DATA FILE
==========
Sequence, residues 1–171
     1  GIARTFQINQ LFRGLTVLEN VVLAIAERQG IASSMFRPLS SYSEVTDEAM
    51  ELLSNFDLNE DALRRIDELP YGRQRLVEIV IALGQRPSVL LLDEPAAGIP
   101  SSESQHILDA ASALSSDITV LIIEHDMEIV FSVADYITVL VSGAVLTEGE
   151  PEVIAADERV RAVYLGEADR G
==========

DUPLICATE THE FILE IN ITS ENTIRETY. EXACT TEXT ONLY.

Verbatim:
Sequence, residues 1–171
     1  GIARTFQINQ LFRGLTVLEN VVLAIAERQG IASSMFRPLS SYSEVTDEAM
    51  ELLSNFDLNE DALRRIDELP YGRQRLVEIV IALGQRPSVL LLDEPAAGIP
   101  SSESQHILDA ASALSSDITV LIIEHDMEIV FSVADYITVL VSGAVLTEGE
   151  PEVIAADERV RAVYLGEADR G